Rincon Institute
Natural Area Protection
Saguaro National Park Expansion

The Rincon Institute has played an instrumental role in expanding both the east and west units of Saguaro National Park. In 1991, the Institute organized a diverse coalition of environmentalists,

Saguaro Bloom with Bees
Photo by Michelle Berry
landowners, and neighborhood activists to win bipartisan support for expanding the Rincon Mountain District of the park by almost 4,000 acres. The "expansion area" contains healthy multi-aged saguaro stands, cottonwood groves, mesquite bosques, and relatively rare wildlife species such as the Gila monster, desert tortoise, cougar, and coati. In 1994, the Rincon Institute supported a similar coalition that convinced Congress to add another 3,400 acres to the Tucson Mountain District of the park. Congress is now appropriating funds to acquire these valuable lands.

We also coordinated a three-year initiative for open space protection that led to the overwhelming passage of the $36 million Pima County Desert Protection and Historic Preservation bond in May 1997

Visit the Saguaro National Park website to learn more!

What is a Conservation Easement?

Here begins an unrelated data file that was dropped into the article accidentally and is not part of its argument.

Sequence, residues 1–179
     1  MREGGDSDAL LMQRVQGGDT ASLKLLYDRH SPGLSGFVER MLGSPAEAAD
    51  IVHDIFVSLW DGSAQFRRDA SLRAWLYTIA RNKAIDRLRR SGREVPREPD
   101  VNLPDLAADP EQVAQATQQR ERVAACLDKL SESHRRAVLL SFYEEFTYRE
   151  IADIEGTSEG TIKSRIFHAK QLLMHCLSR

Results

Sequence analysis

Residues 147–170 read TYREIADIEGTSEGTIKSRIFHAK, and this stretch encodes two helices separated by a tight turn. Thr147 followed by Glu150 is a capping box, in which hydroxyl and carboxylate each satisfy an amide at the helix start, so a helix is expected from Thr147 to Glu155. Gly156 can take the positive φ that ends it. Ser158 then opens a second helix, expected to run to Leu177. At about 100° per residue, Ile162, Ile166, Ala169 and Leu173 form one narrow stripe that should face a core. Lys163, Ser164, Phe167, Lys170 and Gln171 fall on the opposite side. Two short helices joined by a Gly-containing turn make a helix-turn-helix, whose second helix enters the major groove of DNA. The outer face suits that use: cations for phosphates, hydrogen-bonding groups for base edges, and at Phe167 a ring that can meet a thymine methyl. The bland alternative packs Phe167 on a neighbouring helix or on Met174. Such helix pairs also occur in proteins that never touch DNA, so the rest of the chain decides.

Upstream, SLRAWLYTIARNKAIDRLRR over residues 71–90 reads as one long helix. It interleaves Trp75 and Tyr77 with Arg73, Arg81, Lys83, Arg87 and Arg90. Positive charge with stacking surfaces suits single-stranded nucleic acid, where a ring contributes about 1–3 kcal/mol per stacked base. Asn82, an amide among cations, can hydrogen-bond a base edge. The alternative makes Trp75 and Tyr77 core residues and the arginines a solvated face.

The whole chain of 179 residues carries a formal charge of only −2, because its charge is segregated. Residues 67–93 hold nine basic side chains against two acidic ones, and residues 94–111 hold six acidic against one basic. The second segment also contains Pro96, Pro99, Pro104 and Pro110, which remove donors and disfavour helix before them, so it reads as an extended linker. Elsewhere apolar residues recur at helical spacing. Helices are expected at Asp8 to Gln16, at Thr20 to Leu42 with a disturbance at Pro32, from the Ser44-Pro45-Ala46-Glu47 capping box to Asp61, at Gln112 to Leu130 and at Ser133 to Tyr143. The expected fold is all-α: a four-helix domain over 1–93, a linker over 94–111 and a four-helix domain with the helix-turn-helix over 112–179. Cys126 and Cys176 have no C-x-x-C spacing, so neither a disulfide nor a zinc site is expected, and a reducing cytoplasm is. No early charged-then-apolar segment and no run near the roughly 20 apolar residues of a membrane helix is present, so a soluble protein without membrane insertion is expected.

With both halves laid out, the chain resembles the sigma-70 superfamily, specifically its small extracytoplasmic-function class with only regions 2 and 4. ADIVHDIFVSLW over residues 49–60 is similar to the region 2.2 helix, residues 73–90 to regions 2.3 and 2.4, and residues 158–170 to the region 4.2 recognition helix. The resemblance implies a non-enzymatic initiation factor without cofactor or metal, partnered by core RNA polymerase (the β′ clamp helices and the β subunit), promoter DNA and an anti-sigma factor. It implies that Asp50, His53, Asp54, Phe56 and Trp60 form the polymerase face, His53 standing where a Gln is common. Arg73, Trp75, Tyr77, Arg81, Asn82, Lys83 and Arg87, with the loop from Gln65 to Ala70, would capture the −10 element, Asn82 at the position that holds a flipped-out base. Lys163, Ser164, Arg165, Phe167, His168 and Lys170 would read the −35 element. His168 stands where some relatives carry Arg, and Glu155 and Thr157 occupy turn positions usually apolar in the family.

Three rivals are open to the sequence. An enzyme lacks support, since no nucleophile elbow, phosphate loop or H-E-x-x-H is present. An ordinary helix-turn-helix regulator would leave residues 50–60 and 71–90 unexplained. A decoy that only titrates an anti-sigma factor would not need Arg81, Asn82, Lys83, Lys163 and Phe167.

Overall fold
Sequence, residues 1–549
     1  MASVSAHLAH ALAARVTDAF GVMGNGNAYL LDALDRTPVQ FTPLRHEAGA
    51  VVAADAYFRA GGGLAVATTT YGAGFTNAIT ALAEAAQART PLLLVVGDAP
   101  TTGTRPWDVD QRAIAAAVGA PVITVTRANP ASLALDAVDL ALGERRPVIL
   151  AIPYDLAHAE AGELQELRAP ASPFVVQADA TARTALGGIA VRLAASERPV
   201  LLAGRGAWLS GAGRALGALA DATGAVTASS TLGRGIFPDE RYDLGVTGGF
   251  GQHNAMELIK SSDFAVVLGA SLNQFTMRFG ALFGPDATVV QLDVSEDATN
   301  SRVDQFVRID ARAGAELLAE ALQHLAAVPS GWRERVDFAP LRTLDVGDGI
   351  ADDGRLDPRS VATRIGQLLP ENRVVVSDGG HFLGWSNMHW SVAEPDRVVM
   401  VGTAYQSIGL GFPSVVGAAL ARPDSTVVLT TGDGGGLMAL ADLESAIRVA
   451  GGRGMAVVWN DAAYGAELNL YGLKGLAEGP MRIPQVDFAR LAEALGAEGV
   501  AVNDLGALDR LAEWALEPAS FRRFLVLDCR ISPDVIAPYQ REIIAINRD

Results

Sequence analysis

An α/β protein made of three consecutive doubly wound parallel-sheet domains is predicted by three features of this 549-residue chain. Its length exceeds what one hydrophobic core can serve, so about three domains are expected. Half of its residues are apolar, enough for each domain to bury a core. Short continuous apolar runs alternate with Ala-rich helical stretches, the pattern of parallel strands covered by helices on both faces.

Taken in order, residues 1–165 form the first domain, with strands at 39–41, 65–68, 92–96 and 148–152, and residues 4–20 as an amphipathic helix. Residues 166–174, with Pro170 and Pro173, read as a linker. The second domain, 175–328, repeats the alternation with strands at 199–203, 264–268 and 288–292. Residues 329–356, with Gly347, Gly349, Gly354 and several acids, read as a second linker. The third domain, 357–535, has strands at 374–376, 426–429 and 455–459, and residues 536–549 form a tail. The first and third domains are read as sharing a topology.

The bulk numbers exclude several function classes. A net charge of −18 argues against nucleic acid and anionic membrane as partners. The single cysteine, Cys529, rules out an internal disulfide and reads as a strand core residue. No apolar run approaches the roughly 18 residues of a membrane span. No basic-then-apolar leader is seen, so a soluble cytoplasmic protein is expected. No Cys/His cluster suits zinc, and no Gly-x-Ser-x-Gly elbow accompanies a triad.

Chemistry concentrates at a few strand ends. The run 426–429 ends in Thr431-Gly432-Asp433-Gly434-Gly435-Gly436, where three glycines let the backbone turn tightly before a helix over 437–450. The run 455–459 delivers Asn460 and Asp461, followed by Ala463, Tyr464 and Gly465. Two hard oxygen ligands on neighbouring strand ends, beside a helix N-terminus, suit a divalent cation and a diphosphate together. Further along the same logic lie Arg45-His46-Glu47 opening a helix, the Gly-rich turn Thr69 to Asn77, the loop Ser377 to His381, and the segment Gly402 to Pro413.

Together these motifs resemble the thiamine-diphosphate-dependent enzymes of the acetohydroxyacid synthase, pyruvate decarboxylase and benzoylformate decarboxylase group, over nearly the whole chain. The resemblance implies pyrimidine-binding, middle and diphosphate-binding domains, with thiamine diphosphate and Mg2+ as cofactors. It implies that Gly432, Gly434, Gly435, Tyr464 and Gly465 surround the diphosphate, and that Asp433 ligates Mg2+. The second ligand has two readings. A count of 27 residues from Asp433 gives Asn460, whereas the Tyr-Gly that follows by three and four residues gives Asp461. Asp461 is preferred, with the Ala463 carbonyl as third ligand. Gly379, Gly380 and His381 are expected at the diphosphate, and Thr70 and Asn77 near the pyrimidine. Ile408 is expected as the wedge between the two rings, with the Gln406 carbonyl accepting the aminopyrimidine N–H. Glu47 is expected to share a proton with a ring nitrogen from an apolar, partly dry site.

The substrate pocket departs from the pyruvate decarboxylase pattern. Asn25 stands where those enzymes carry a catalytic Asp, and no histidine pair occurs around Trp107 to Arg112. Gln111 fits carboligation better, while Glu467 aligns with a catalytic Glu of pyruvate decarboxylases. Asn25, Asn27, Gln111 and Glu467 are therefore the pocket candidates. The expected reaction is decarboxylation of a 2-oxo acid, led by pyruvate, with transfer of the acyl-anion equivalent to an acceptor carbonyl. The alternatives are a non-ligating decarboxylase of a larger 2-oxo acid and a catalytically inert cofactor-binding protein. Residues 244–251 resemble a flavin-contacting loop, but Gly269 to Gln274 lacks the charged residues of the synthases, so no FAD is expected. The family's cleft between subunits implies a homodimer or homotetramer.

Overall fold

Currently, Rincon Institute holds three conservation easements protecting approximately 190 acres along important riparian areas and federally protected land within the Tanque Verde and Rincon Valleys. So what does that mean; what is a conservation easement? A conservation easement is a legal agreement between a landowner and a land trust (a private nonprofit conservation organization, such as the Rincon Institute) or government agency that limits a property's uses in order to protect its conservation values. Property consists of a group of distinct rights, which include agricultural rights (the right to farm or ranch), development rights (the right to subdivide the land, construct buildings, etc.), mineral rights (the right to mine), hunting rights, water rights, as well as the right to exclude others from the property. Therefore, when you own land, you also "own" many rights associated with it. When you donate or sell a conservation easement to a land trust, you permanently give up some of those rights.